Can my headache come from my neck? What type of headaches are they?
June 18, 2024

Absolutely, headaches can indeed originate from issues in the neck, known as cervicogenic headaches. These types of headaches are often overlooked or misdiagnosed because the pain is often felt in the head, even though the source of the pain is actually in the neck. Understanding the different types of headaches can help identify whether your headaches may be related to neck issues. As noted below, any headaches where you also suffer restriction of neck movements, including rotation and ‘lateral flexion’ of the head or without crepitus (grinding and grating noises) should be investigated further.
Types of Headaches Related to the Neck
Cervicogenic Headaches: As the name suggests, these headaches originate from the cervical spine (neck). They are typically one-sided and may be accompanied by neck pain or stiffness. The pain is usually dull or aching and can radiate from the neck to the back of the head, forehead, or around the eyes. There is often noted stiffness and restricted neck rotation or head tilting to the sides. “Grinding and grating’ grisly noises in the neck are also often present.
Tension-Type Headaches: While tension-type headaches can be caused by stress, anxiety, or muscle tension in the head and neck, they can also be related to cervical spine issues. The pain is usually described as a tight band around the head and may be accompanied by neck discomfort.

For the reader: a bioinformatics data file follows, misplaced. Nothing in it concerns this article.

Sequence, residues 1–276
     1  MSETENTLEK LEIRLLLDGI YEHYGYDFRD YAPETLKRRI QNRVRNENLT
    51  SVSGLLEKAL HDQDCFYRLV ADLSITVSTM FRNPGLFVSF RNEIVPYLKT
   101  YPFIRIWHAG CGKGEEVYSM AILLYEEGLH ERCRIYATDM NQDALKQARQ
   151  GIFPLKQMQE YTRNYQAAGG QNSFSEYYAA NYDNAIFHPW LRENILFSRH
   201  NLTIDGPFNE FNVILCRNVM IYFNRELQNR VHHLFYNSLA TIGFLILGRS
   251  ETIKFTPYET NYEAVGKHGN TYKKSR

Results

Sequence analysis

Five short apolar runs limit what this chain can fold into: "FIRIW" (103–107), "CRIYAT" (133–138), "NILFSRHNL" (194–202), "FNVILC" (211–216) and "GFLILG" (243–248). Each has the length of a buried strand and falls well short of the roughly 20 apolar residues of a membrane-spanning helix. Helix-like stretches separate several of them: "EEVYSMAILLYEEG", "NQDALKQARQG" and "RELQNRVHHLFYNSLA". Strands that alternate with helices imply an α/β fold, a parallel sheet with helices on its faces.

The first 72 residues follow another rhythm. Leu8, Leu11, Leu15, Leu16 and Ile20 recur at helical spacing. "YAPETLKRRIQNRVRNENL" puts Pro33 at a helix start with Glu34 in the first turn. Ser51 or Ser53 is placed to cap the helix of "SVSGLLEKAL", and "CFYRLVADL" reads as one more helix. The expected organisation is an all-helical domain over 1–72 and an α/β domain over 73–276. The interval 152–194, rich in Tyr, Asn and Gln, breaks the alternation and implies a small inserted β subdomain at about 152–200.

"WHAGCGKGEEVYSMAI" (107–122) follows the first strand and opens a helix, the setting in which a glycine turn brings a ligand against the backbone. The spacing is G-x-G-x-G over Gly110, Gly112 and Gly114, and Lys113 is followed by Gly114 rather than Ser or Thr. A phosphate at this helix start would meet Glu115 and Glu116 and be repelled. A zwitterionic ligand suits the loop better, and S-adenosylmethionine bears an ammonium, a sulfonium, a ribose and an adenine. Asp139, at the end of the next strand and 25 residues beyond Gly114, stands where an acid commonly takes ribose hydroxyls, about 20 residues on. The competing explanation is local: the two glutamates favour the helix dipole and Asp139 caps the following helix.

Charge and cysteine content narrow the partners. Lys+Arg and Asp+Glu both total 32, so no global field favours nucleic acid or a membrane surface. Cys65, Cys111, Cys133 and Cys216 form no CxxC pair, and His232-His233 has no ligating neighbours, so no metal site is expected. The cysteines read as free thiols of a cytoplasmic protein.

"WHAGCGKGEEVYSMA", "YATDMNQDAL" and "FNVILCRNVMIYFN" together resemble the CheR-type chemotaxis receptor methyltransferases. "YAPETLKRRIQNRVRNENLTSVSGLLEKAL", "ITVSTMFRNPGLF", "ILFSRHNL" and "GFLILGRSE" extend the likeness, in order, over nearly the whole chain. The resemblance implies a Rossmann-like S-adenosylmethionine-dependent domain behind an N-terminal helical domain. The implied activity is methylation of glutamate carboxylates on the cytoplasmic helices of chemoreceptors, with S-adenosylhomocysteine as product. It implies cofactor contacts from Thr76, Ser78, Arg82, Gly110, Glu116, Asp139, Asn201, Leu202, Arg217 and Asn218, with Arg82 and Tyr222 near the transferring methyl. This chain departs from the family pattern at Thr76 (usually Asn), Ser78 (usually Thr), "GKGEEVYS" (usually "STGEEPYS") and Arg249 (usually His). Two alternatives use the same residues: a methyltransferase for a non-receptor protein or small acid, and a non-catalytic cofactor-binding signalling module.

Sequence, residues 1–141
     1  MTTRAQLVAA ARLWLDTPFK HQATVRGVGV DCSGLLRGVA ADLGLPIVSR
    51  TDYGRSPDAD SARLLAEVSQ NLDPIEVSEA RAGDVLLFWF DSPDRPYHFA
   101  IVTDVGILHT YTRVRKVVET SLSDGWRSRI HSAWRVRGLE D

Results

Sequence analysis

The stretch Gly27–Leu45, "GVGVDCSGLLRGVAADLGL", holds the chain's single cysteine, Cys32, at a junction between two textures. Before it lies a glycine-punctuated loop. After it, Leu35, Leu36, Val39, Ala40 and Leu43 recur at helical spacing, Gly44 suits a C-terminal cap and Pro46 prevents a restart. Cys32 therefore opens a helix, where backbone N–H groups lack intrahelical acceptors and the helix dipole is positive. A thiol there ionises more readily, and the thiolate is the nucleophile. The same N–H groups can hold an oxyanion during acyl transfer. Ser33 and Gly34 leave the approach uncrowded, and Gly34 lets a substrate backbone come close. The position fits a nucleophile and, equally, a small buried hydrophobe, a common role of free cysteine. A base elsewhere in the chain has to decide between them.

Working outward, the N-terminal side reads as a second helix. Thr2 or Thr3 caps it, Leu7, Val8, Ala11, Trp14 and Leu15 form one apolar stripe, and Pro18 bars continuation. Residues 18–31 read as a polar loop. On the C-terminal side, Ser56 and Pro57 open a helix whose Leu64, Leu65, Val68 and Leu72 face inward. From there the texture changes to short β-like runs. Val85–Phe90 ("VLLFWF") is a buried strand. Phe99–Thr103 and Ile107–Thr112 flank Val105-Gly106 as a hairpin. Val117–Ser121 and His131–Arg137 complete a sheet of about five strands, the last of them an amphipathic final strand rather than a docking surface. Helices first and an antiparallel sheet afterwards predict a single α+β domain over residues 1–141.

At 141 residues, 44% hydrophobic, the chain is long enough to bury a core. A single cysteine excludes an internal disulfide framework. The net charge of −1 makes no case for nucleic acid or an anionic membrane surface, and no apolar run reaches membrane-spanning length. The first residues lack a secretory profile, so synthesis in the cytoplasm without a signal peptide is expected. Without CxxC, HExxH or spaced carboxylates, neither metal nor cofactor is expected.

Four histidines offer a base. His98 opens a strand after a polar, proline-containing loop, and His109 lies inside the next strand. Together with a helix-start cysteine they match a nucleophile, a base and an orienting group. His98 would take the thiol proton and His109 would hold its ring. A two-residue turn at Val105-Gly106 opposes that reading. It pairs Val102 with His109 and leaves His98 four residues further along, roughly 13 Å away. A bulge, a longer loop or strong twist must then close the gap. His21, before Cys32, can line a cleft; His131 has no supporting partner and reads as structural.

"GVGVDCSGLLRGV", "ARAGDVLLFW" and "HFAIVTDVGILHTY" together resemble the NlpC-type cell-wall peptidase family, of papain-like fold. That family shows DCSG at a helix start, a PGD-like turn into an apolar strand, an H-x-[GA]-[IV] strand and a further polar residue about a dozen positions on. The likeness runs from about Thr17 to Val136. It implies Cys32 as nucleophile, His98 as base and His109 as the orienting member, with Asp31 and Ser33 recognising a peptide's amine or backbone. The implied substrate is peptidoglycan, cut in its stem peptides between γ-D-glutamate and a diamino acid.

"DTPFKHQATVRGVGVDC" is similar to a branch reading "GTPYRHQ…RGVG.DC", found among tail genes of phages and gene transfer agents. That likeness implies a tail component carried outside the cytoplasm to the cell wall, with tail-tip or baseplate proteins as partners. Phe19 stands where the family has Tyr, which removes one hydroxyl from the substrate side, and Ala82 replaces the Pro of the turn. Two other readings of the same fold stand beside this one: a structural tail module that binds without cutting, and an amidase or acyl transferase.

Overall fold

Migraine Headaches: Migraines can sometimes be triggered or exacerbated by neck issues. People with cervicogenic migraines may experience neck pain or stiffness preceding the onset of a migraine attack. The pain is often throbbing and can be accompanied by other symptoms such as nausea, sensitivity to light or sound, and visual disturbances.
Occipital Neuralgia: This type of headache originates from the occipital nerves in the back of the neck and scalp (base of the skull). It can cause sharp, stabbing, or electric shock-like pain that radiates from the base of the skull to the back of the head and behind the eyes.
Causes of Neck-Related Headaches
Several factors can contribute to neck-related headaches:
Poor Posture: Slouching or holding your head in an awkward position for extended periods can strain the muscles and joints in your neck, leading to headaches.
Muscle Tension: Tight muscles in the neck and shoulders can cause referred pain to the head, resulting in headaches.
Cervical Spine Misalignment: Subluxations or misalignments in the cervical spine can irritate nerves and muscles, leading to cervicogenic headaches.
Injury or Trauma: Whiplash or other neck injuries can cause long-lasting neck pain and headaches.
How to Address Neck-Related Headaches
If you suspect your headaches may be related to your neck, it’s essential to seek a proper diagnosis from a healthcare professional specializing in spine and neck issues, such as a chiropractor. They can perform a thorough evaluation to determine the underlying cause of your headaches and recommend appropriate treatment options.
Conclusion
In summary, headaches can indeed stem from neck issues, particularly cervicogenic headaches, tension-type headaches, migraines, and occipital neuralgia. If you’re experiencing persistent headaches, especially if they’re accompanied by neck pain or stiffness, it’s essential to consult with a chiropractor, the profession that specializes in spine and neck issues to identify the root cause and develop an effective treatment plan tailored to your needs.